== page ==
The anti-clockwise 4-fold rotation maps the origin onto the point 1,0,0; the following inversion in 1/2,1/2,1/2 maps this intermediate point onto the point 0,1,1, such that $w_1=0,\ w_2=1,\ w_3=1$.
(b)
For the other points: $1,\,0,\,0\rightarrow
1,\,1,\,0\rightarrow 0,\,0,\,1; \\ 0,\,1,\,0\rightarrow ...
... 1,\,1,\,1; \hspace{6mm} 0,\,0,\,1\rightarrow
1,\,0,\,1\rightarrow 0,\,1,\,0.$

The equations are $0=W_{11}+0;\ 0=W_{21}+1;\ 1=W_{31}+1; \\ 1=W_{12}+0;\ 1=W_{22}+1;\
1=W_{32}+1;\ \\ 0=W_{13}+0;\ 1=W_{23}+1;\ 0=W_{33}+1.$

(c)
The result is W = $\left( \begin{array}{ccc}
0&1&0 \\ \bar{1}&0&0 \\ 0&0&\bar{1} \end{array} \right)$; w = $\left( \begin{array}{c} 0 \\ 1 \\ 1 \end{array} \right)$.

The resulting matrix-column pair is checked by mapping the fixed point 1/2,1/2,1/2 and the point 1/2,1/2,0. Their images are 1/2,1/2,1/2 and 1/2,1/2,1 in agreement with the geometric meaning of the operation.

Procedure 2

If the images of the origin and/or the coordinate points are not known, other pairs `point-image point' must be used. It is difficult to give general rules but often fixed points are appropriate in such a case. In addition, one may exploit the different transformation behaviour of point coordinates and vector coefficients, see Section 4.4. Vector coefficients `see' only the matrix W and not the column w, and that may facilitate the solution. Nevertheless, the calculations may now become more involved. The next example is not crystallographic in the usual sense, but related to twinning in `spinel' mineral.

Example 3

What is the pair (W,w) for a 2-fold rotation about the space diagonal [111] with the point 1/2,0,0 lying on the rotation axis ?

It is not particularly easy to find the coordinates of the image $\tilde{O}$ of the origin $O$. Therefore, another procedure seems to be more promising. One can use the transformation behaviour of the vector coefficients of the direction [111] and other distinguished directions. The direction [111] is invariant under the 2-fold rotation, and the latter is described by the matrix part only, see Section 4.4. Therefore, the following equations hold

\begin{displaymath}
1=W_{11}+W_{12}+W_{13},\
1=W_{21}+W_{22}+W_{23},\ 1=W_{31}+W_{32}+W_{33}. \end{displaymath} (5.1.1)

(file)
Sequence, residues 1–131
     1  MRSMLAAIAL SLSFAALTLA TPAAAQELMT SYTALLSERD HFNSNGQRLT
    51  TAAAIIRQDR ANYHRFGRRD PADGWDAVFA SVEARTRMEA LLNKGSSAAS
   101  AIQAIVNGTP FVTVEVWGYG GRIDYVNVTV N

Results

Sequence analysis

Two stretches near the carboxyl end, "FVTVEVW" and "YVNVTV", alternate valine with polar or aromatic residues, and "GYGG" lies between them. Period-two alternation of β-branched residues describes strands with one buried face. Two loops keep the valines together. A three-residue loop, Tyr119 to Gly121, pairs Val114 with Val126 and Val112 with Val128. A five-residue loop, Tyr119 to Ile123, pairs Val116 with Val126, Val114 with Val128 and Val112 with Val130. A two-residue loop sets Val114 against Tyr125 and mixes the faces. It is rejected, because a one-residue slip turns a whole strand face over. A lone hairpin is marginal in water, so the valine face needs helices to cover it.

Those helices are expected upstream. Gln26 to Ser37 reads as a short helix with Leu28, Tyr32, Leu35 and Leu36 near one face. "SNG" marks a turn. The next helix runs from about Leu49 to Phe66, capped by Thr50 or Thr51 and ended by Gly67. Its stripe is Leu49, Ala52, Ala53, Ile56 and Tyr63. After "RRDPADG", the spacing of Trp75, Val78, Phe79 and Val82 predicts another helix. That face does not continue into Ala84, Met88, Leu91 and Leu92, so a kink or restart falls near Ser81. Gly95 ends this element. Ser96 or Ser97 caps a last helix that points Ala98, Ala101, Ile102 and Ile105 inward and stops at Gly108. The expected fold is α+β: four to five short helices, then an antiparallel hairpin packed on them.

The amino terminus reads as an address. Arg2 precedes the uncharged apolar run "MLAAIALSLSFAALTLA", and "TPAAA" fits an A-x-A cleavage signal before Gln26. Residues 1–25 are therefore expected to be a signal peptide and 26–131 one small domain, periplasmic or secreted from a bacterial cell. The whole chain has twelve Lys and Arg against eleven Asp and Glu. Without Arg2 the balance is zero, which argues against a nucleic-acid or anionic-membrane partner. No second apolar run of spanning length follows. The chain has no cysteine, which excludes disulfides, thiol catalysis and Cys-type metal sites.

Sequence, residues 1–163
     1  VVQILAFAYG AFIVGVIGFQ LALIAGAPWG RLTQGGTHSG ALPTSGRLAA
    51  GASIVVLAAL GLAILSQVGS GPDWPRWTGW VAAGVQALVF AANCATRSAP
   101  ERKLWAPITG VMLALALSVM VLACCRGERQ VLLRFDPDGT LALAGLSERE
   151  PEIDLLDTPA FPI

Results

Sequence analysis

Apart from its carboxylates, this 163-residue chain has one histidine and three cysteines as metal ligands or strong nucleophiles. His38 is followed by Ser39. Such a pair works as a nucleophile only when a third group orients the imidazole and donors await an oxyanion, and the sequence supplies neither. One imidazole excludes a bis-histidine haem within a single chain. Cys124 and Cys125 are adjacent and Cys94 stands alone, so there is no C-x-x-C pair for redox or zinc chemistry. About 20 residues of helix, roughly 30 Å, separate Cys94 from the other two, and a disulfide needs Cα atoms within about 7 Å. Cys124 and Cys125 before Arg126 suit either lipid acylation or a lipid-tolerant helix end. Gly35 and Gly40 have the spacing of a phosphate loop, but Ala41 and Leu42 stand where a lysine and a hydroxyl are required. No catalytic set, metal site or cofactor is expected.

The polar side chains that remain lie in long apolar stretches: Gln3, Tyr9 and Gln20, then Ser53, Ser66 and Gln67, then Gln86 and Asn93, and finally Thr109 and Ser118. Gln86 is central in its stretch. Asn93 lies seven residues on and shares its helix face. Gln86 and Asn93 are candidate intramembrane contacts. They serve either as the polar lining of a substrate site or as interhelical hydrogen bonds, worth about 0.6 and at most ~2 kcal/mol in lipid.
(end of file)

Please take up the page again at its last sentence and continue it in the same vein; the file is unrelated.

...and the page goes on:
On the other hand, the directions [1$\bar{1}$0], [01$\bar{1}$], and [$\bar{1}$01] are perpendicular to [111] and thus are mapped onto their negative directions. This means

\begin{displaymath}
\hspace*{-1em}\left. \begin{array}{*{3}{r@{\hspace{0.5em}}c
...
..._{32}-W_{33},&\ \ -1&=&-W_{31}+W_{33},
\end{array} \right\}.
\end{displaymath} (5.1.2)

From the equations (5.1.2) one concludes

\( \begin{array}{rclrclrcl} W_{12}&=&W_{13},&W_{21}&=&W_{23},&
W_{31}&=&W_{32} \\ W_{11}&=&W_{13}-1,&W_{22}&=&W_{21}-1,&W_{33}&=
&W_{32}-1. \end{array} \)

Together with equations (5.1.1) one obtains

$ W_{11}=W_{22}=W_{33}=-1/3;\ W_{12}=W_{13}=W_{21}=W_{23}=W_{31}=
W_{32}=2/3$.

Thus, W = $\left( \begin{array}{rrr}
-1/3&2/3&2/3\\ 2/3&-1/3&2/3\\ 2/3&2/3&-1/3 \end{array} \right).$

The point 1/2 0 0 is a fixed point, thus
$1/2=-1/3\cdot1/2+2/3\cdot0+2/3\cdot0+w_1$,
$0=2/3\cdot1/2-1/3\cdot0+2/3\cdot0+w_2$, and
$0=2/3\cdot1/2+2/3\cdot0-1/3\cdot0+w_3$.

The coefficients of w are then: $w_1=2/3,\ w_2=-1/3,\ w_3=-1/3.$

There are different tests for the matrix: It is orthogonal, its order is 2 (because it is orthogonal and symmetric), its determinant is $+1$, it leaves the vector $[1\,1\,1]$ invariant, and maps the vectors $[1\,\bar{1}\,0], [0\,1\,\bar{1}]$, and $[\bar{1}\,0\,1]$ onto their negatives (as was used for its construction). The matrix-column pair can be tested with the fixed points, e.g. with $1/2,\,0,\,0$; with $1/2,\,0,\,0+1,\,1,\,1=3/2,\,1,\,1$; or other points on the rotation axis.

Problem 1B. Symmetry of the square.        For the solution, see p. [*].

Problem 1A, p. [*], dealt with the symmetry of the square, see Fig. 3.4.1.

There are 2 more questions concerning this problem.

(v)
Calculate the matrix-column pairs of the symmetry operations of the square.
(vi)
Construct the multiplication table of the group of the square. [The multiplication table of a group $\mbox{$\mathcal{G}$}$ of order $N$ is a table with $N$ rows and $N$ columns. The elements of the group are written on top of the table and on the left side, preferably in the same sequence and starting with the unit element. In the intersection of the $i$th row and the $k$th column the product ${\sf W}_i$${\sf W}_k$ is listed for any pair of indices $1,\,1
\leq i,\,k \leq N,\,N$. The complete table is the multiplication table].

Are there remarkable properties of the multiplication table ?